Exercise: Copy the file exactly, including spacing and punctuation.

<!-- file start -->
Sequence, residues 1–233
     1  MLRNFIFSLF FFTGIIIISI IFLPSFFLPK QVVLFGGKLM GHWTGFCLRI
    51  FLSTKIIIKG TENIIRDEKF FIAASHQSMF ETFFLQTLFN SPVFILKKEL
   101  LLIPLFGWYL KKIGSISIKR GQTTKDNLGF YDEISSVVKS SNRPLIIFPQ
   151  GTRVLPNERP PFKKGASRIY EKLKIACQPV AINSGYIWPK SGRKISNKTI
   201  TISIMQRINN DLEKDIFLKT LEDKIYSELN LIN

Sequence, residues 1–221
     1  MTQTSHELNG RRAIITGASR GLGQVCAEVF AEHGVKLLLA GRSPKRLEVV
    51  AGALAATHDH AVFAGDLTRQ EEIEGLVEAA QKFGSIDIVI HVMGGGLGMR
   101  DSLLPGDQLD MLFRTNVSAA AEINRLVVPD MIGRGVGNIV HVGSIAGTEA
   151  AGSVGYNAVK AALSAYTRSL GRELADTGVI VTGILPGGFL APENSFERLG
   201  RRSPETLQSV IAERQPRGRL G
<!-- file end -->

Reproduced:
Sequence, residues 1–233
     1  MLRNFIFSLF FFTGIIIISI IFLPSFFLPK QVVLFGGKLM GHWTGFCLRI
    51  FLSTKIIIKG TENIIRDEKF FIAASHQSMF ETFFLQTLFN SPVFILKKEL
   101  LLIPLFGWYL KKIGSISIKR GQTTKDNLGF YDEISSVVKS SNRPLIIFPQ
   151  GTRVLPNERP PFKKGASRIY EKLKIACQPV AINSGYIWPK SGRKISNKTI
   201  TISIMQRINN DLEKDIFLKT LEDKIYSELN LIN

Sequence, residues 1–221
     1  MTQTSHELNG RRAIITGASR GLGQVCAEVF AEHGVKLLLA GRSPKRLEVV
    51  AGALAATHDH AVFAGDLTRQ EEIEGLVEAA QKFGSIDIVI HVMGGGLGMR
   101  DSLLPGDQLD MLFRTNVSAA AEINRLVVPD MIGRGVGNIV HVGSIAGTEA
   151  AGSVGYNAVK AALSAYTRSL GRELADTGVI VTGILPGGFL APENSFERLG
   201  RRSPETLQSV IAERQPRGRL G